Most pump manufacturers recommend the 18″x22″ basin as a minimum size for drainage sumps. So that minimum has become the industry standard. Which is fine if your pump seldom runs, but if you live in a high water table area that’s bad.

A lot of folks think a bigger pump will solve their sump pump problems. The bigger pump will only eject the water faster, the pump cycle will actually be the same as a smaller pump unless you can adjust the length of the cycle. Here too you are limited by the depth of the basin and the space for the adjustable floats to work properly.

A larger basin will allow a larger pump to cycle longer. It’s better to allow your pump to get 10-20 seconds of run time. The larger basin will also accommodate a secondary pump or a battery back up system and will allow for a better installation, where the switches will not interfere with each other.

If you are building a new home in a high water table area, ask your builder or plumber to install a larger basin, your sump pump will last longer.

In some cold weather installations where the drainage sump pump pumps the water out to grade (your yard) or into an open site drain like your gutter or down spouts a plumber or installer may not use a check valve due to the possibility of the discharge line freezing the trapped water in the pipe during the winter. Even with the possibility of freezing there are some drainage installations that incorporate horizontal discharge pipes where you would want a check valve installed to prevent the lengthy discharge pipe from siphoning back into your basin after the pump shuts off.

We suggest consulting a licenced plumber or foundation specialist familiar with local plumbing codes when routing or connecting your sump pump discharge line. We also suggest that when you replace your sump or sewage pump you also replace the check valve, flappers have been known to break at the hinge and if your pump has failed, your check valve is soon to follow.

If you have a lengthy discharge pipe system we recommend a ball valve to be installed above the check valve to isolate the long column of water when servicing the check valve or the pump. There are some check valves that screw right into the discharge of the sump pump. If you use this type keep in mind that you will have the whole column of water to deal with when you change or services this pump. We also suggest using a separate check valve and ball valve for any two pump (duplex) system. This prevents one pump from back feeding to the other pump.

We also suggest bracing or clamping your pumps discharge pipe securely to the wall or structure to prevent any torque or movement of the pump when it starts or stops. We have heard of poorly installed pump discharge pipes coming apart at the check valve. Again, check you local plumbing codes, some areas do not allow rubber connections in the discharge pipe of any sump or sewage pumps.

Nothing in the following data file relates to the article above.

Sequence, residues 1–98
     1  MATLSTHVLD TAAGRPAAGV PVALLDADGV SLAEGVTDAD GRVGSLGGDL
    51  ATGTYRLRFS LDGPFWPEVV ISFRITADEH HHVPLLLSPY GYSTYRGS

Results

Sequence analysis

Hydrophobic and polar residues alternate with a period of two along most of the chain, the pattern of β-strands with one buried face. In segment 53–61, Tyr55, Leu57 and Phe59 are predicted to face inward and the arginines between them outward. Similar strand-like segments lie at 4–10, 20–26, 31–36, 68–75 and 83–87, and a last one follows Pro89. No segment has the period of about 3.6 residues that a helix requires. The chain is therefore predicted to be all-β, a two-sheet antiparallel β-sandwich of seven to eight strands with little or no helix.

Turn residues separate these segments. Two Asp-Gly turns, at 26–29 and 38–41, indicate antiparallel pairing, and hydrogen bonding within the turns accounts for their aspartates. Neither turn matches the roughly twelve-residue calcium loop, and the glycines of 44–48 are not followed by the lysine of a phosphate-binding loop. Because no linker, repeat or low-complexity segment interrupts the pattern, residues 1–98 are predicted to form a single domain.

Finally, there is a lot of discussion about whether a check valve should be installed horizontally or vertically. This too may be covered in the local plumbing codes. Most check valve manufacturers will emboss arrows on the valve for either method of installation. Some pump manufacturers feel that a check valve installed horizontally will open better if there is a build up of solids, sediment, or waste resting on the flapper. Others feel that the flapper closes better in the vertical position. I personally prefer the vertical installation.

Check out our online catalog for our full line of check valves, from 1-1/4″ thru 4″, including silent check valves and clear check valves, a selection second to none.

An integral part of most sump pumps and especially sewage pump installations is a check valve installed in the discharge pipe of the pump. In most plumbing codes there is a requirement for a full flow check valve to be installed in any application where a sump or sewage pump is installed. This prevents the back flow from the sanitary or storm sewer siphoning back into your basin or sump pit after the pump shuts off. (See typical installation below)

The check valve is a fitting that has a flapper that acts as a one way trap door by allowing the water flowing out to open the flapper while the pump is running. When the pump stops the water in the discharge line forces the flapper or trap door closed.

There is a secondary benefit to having a check valve, it helps prevent the constant recycling and re-pumping of the same water left in the discharge pipe when the pump shuts off.

Below is a drawing of a typical sump or sewage pump installation. Note the need for a 3/16″ diameter bleed hole in the discharge pipe. We suggest that it be located below the “On” point of the pump being installed. The bleed hole is to prevent an air lock and in essence it would allow water to fill the pump base with water, rather than air.

Typical Installation

Typical Installation

We get a few calls each year from plumbers, builders and inspectors about homes or buildings under construction that miscalculate the sewer elevation.

You guessed it, somebody miscalculated the location of the gravity sewer connection in the street or they set the elevation of the house too low.